SE farmers raise issue of footrot

SE farmers have called for changes to criteria for loading crippled animals to enable them to still be sold.

Shepherd's Hill farmer Jack England raised the issue regarding footrot at the inaugural Livestock SA SE group meeting last week.

"As farmers are unable to sell lame livestock anymore, cripples are being retained on properties to be consumed either by dogs or farmers," he said. 

"These cripples are the most likely source of footrot retention and spread and are now staying on farms for longer." 

Mr England said rates of zinc sulphate and foot bath purchases had gone up exponentially this year, which he attributed to footrot and previous wet winters.

These animals may still have potential to be commercially valuable, perhaps if sold direct to slaughterhouses or feedlots.

"I see this as an opportunity to have the 'fit to load' criteria reviewed," Mr England said.

Beachport's Mark Wheal said the fit to load criteria was an animal welfare issue.

"The people enforcing it are the truck drivers who have animal welfare at heart," he said.

Mr England said care needed to be used in regards to welfare.

"The animals are loaded on the proviso they won't go down in the crate," he said.

Mr Wheal: "How do you know that?"

Conmurra's Rohan Giles said it would be acceptable to load lame animals as long as they weren't paraded in public.

"That's fine as long as you don't send them to the saleyards where everybody can get a look at them," he said.

Mr Wheal said even if crippled animals are sold direct to abattoirs, surveillance cameras in those facilities could capture images of diseased and distressed animals which in turn become ammunition for those opposed to the meat industry.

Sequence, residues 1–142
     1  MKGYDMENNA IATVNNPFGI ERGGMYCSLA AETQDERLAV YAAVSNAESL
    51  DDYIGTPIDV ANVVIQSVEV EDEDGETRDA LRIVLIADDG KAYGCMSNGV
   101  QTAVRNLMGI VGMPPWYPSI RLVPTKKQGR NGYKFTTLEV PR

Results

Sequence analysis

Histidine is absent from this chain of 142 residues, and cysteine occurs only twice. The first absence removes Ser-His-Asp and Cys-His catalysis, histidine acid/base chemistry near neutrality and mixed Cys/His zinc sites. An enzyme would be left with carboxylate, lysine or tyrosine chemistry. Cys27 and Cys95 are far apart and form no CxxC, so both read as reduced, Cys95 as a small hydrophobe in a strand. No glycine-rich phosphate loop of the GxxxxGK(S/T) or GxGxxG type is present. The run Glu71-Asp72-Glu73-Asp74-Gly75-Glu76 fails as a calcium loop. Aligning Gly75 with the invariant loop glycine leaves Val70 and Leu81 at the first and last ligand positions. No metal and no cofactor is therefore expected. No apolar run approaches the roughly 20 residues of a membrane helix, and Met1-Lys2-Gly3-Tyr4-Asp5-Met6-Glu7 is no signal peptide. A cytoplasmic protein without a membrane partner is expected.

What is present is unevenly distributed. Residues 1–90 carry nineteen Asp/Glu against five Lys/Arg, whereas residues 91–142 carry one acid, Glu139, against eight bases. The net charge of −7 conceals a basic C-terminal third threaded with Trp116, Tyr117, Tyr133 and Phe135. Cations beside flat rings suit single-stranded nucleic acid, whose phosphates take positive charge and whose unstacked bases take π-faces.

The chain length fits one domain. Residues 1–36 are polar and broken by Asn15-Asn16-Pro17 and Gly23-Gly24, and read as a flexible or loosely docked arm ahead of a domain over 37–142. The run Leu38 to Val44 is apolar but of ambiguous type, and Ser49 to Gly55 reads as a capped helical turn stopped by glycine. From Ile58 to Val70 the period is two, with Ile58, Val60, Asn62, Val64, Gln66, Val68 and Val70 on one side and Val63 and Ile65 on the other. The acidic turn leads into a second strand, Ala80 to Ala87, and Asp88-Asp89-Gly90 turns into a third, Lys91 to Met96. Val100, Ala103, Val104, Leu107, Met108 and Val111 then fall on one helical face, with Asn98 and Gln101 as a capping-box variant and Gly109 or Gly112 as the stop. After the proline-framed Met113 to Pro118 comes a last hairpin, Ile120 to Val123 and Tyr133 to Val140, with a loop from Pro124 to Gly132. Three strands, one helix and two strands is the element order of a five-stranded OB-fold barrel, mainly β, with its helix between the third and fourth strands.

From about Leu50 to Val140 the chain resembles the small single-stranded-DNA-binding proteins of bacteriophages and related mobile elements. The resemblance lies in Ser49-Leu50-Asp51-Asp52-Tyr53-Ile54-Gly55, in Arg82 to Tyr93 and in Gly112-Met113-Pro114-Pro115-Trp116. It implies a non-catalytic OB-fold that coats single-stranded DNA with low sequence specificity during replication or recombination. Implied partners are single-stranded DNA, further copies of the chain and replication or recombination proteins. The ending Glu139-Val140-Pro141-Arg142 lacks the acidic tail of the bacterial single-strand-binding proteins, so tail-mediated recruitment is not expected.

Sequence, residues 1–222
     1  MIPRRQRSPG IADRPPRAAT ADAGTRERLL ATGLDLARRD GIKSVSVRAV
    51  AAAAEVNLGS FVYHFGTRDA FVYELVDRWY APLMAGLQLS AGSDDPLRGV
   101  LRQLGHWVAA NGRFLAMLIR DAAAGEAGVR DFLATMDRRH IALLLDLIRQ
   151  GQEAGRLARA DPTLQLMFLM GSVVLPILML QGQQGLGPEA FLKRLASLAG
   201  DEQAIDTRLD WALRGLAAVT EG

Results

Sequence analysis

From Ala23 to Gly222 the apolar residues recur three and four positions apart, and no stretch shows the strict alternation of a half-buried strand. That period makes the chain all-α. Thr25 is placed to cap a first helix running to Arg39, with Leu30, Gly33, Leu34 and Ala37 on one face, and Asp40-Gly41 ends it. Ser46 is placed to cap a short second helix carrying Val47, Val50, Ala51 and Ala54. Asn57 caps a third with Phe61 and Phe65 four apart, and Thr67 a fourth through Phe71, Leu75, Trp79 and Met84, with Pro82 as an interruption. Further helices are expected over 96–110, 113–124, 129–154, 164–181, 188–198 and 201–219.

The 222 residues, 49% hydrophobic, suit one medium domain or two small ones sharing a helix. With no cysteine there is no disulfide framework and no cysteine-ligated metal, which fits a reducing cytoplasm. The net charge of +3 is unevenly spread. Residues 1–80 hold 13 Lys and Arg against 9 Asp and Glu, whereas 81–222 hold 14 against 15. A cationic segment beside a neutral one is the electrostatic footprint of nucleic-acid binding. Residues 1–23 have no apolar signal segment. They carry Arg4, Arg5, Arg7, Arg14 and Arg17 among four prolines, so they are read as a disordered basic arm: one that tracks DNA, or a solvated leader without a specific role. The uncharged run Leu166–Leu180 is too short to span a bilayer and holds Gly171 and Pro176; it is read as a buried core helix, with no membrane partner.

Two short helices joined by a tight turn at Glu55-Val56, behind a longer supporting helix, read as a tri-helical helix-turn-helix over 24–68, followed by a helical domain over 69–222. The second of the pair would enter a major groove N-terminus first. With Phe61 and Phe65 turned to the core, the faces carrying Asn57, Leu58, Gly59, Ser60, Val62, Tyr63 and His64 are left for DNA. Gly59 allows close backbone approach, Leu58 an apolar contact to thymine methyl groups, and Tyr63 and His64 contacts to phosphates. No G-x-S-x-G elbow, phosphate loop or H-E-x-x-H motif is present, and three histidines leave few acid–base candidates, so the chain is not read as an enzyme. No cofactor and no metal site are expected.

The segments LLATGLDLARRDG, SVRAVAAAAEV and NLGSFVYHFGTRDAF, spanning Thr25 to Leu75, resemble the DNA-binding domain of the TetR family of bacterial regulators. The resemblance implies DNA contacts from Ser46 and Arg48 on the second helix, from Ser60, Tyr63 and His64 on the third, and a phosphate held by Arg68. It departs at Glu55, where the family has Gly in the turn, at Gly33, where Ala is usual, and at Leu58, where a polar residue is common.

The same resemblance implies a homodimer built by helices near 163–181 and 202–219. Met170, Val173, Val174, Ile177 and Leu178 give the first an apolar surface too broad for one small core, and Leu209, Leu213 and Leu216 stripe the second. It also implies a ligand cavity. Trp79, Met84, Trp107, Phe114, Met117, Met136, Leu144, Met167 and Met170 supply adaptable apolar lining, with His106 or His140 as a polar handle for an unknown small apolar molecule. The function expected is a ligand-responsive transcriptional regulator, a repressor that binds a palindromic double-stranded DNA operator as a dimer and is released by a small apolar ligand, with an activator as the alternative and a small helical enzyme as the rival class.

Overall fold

Primary Industries and Regions SA manager of disease control Peter Nosworthy was present at the meeting and disagreed with the idea of being able to sell lame animals.

"It (footrot) is a notifiable disease," he said. "You can't just flog them off."

Mr England: "Would you rather have a vet come down and put them down on farm and then leave?

"I just think footrot is one of the biggest cost inhibitors we have."

Millicent's Peter Altschwager advocated being able to sell lame livestock.

"Without being cruel to the animals we should be able to sell it at the saleyards," he said.

A motion was put forward that Livestock SA liaise with other relevant industry bodies, including SA Sheep Advisory Group, regarding possible changes to fit to load rules to more adequately provide for saleable stock which might be suitable for consignment to saleyards to be sold direct to slaughter. The motion was passed by members.

Mr Altschwager urged caution about what bodies they liaised with.

The issue of footrot was raised at the inaugural Livestock SA SE group meeting in Lucindale last week.

The issue of footrot was raised at the inaugural Livestock SA SE group meeting in Lucindale last week.

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